“Holy Crabby Patties!” I splutter, sitting up suddenly. HRH, with a practiced and deft maneuver reaches over to remove my coffee mug and prevent major flooding.
“What’s wrong now?” he asks.
“The Ukrainian government is going to ban Sponge Bob from TV because they say he’s a threat to traditional family values.”
“Our Sponge Bob?” asks HRH in confusion, “the one with the square pants? What’s wrong with him?” Our daughter Velvet has long since graduated to Gossip Girl, but not so long ago, each school day began with breakfast accompanied by “multiki” or cartoons, including Sponge Bob.
Poor old HRH, he really does live in a bubble.
“Dar-ling,” I say gently, “Sponge Bob is a major gay icon.”
HRH takes a long strengthening sip of my coffee.
“The yellow guy who lives under the sea?” he says evenly.
“Yes, with his buddy the pink…get it pink…starfish and his driving instructor Mrs. Puff?? Duh….”
“And you let Velvet and me watch it?”
“Well, but she was incapable of waking up without it,” I argue, “and anyway, I don’t think it was a deliberate attempt to create some insidious subtext...”
HRH switches on the television and surfs until he alights on an episode of the classic Soviet multik, “Nu, pogodi!” (“Hey, Wait Up!”).
“Now that, Petrovna,” he says, pointing to the anti hero Volk (wolf), puffing on a paparossi, luring innocent Zayets (hare) into another complicated situation, “is a cartoon. Straightforward message, funny situations – perfect. Our multiki are really the epitome of multiki.” Yet our favorite wolf and hare are also in the news right now; a new law in Russia will limit - through time slots or editing - the vices children can be exposed to. Apparently, “Volk” just has too many bad habits, and this news is also somewhat vexing to HRH.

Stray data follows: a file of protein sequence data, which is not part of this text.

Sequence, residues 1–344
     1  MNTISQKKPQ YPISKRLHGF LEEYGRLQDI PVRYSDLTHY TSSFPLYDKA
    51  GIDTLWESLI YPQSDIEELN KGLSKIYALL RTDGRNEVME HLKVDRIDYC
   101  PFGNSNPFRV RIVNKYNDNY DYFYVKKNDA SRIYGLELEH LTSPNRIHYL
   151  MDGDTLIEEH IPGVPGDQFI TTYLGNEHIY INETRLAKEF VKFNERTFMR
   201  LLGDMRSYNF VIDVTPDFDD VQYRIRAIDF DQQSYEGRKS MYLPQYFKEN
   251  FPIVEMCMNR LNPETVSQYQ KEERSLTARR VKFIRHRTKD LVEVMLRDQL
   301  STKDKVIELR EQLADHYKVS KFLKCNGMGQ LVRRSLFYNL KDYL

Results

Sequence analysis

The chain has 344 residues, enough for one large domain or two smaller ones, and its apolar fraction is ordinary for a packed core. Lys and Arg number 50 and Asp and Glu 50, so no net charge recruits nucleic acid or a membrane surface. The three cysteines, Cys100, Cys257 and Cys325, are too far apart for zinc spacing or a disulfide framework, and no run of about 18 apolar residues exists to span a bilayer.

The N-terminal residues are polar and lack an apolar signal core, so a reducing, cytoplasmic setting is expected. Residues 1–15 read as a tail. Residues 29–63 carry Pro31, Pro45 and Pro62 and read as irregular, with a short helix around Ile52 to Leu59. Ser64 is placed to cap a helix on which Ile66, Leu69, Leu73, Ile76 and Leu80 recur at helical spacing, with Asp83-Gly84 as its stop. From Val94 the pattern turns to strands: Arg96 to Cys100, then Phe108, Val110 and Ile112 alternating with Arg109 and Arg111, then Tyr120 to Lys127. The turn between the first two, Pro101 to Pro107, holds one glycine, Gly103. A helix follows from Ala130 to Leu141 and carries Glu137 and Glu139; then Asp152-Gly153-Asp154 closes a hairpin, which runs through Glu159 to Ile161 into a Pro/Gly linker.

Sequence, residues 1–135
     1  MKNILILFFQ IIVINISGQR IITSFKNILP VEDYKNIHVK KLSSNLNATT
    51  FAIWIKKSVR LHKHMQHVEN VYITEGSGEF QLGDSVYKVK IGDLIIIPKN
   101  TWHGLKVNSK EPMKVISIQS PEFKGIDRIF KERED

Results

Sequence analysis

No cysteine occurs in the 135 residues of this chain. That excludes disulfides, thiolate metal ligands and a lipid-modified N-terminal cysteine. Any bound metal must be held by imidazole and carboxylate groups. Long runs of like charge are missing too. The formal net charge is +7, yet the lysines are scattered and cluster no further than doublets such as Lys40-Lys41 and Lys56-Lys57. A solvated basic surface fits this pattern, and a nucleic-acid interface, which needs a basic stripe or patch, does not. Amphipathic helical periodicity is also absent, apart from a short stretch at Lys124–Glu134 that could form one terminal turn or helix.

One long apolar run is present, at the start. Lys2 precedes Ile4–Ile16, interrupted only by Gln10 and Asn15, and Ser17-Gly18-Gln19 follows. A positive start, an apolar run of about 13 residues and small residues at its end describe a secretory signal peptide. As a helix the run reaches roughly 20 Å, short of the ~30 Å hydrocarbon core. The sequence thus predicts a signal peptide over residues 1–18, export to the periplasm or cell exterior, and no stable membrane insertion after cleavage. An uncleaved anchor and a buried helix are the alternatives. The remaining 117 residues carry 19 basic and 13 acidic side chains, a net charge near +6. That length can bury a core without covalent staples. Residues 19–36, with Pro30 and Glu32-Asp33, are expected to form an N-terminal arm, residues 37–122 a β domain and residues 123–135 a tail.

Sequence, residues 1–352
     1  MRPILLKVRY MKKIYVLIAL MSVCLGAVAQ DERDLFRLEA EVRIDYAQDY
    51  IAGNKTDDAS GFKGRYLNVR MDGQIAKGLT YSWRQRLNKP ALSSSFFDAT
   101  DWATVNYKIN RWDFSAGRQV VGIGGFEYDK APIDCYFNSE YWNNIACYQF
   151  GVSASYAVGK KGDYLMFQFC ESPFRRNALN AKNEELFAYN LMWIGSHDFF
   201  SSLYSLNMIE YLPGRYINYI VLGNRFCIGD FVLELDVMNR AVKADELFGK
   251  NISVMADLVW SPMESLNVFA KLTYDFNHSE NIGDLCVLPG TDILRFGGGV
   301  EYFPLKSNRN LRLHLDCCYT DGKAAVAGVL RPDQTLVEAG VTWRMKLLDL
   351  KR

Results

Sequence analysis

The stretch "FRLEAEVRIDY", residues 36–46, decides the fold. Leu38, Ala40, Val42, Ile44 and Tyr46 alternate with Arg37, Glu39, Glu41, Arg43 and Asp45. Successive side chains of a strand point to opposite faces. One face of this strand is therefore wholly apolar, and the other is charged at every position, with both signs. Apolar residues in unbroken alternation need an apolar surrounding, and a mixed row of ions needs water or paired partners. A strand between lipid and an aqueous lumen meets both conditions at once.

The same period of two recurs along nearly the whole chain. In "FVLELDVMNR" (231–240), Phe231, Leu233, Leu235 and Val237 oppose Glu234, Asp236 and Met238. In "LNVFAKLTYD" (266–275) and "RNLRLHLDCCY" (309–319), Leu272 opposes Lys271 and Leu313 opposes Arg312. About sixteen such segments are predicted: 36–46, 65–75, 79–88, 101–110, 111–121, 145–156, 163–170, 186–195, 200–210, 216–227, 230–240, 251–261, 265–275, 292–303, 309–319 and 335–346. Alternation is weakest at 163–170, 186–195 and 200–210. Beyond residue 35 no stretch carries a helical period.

One of the many secrets to a happy, cross-cultural marriage is to leave volumes unsaid. So I don’t make the obvious observation that “Nu Pogodi!” owes more than a little to Wile E. Coyote and Road Runner. I refrain from any mention of the Soviet Union’s “Vinnie Pukh.”
And I steer the conversation away from the real third rail: A comparison the Soviet version of “Jungle Book” called “The Adventures of Mowgli” which, can I just say, takes a lot of liberties with Kipling’s storyline. That way lies divorce. Russians refer to “Our Mowgli” in the same tone they do “Our Kuril Islands.”
Another thing I’ve learned: I no longer challenge HRH to the perennial “Who Makes a Better Garfield Voiceover: Bill Murray or Oleg Tabakov” duel. I lose.
Jennifer Eremeeva is a a freelance writer and longtime resident of Moscow. She is the curator of the culinary blog, www.moscovore.com, and the humor blog www.russialite.com.
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